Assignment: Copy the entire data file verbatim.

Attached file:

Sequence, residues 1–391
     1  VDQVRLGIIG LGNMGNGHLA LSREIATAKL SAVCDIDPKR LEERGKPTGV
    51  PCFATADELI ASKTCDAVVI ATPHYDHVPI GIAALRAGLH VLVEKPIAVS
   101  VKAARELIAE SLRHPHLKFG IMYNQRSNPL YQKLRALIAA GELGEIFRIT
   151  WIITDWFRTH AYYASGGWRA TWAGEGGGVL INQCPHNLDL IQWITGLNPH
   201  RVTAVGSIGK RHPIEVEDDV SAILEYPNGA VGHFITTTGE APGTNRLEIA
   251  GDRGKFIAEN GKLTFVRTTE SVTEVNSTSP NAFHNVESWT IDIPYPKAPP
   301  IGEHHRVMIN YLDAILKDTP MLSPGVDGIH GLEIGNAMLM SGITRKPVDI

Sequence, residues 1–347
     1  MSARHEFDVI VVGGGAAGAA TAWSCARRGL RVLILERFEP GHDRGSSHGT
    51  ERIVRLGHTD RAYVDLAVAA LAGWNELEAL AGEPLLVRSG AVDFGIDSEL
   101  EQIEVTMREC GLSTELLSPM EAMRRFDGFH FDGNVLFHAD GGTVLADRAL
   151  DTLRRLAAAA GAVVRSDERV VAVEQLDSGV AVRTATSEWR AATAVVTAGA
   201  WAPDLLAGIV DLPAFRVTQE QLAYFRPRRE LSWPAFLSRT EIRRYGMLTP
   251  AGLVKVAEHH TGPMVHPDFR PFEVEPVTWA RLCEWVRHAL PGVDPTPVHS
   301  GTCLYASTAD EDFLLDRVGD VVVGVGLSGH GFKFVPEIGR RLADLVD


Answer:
Sequence, residues 1–391
     1  VDQVRLGIIG LGNMGNGHLA LSREIATAKL SAVCDIDPKR LEERGKPTGV
    51  PCFATADELI ASKTCDAVVI ATPHYDHVPI GIAALRAGLH VLVEKPIAVS
   101  VKAARELIAE SLRHPHLKFG IMYNQRSNPL YQKLRALIAA GELGEIFRIT
   151  WIITDWFRTH AYYASGGWRA TWAGEGGGVL INQCPHNLDL IQWITGLNPH
   201  RVTAVGSIGK RHPIEVEDDV SAILEYPNGA VGHFITTTGE APGTNRLEIA
   251  GDRGKFIAEN GKLTFVRTTE SVTEVNSTSP NAFHNVESWT IDIPYPKAPP
   301  IGEHHRVMIN YLDAILKDTP MLSPGVDGIH GLEIGNAMLM SGITRKPVDI

Sequence, residues 1–347
     1  MSARHEFDVI VVGGGAAGAA TAWSCARRGL RVLILERFEP GHDRGSSHGT
    51  ERIVRLGHTD RAYVDLAVAA LAGWNELEAL AGEPLLVRSG AVDFGIDSEL
   101  EQIEVTMREC GLSTELLSPM EAMRRFDGFH FDGNVLFHAD GGTVLADRAL
   151  DTLRRLAAAA GAVVRSDERV VAVEQLDSGV AVRTATSEWR AATAVVTAGA
   201  WAPDLLAGIV DLPAFRVTQE QLAYFRPRRE LSWPAFLSRT EIRRYGMLTP
   251  AGLVKVAEHH TGPMVHPDFR PFEVEPVTWA RLCEWVRHAL PGVDPTPVHS
   301  GTCLYASTAD EDFLLDRVGD VVVGVGLSGH GFKFVPEIGR RLADLVD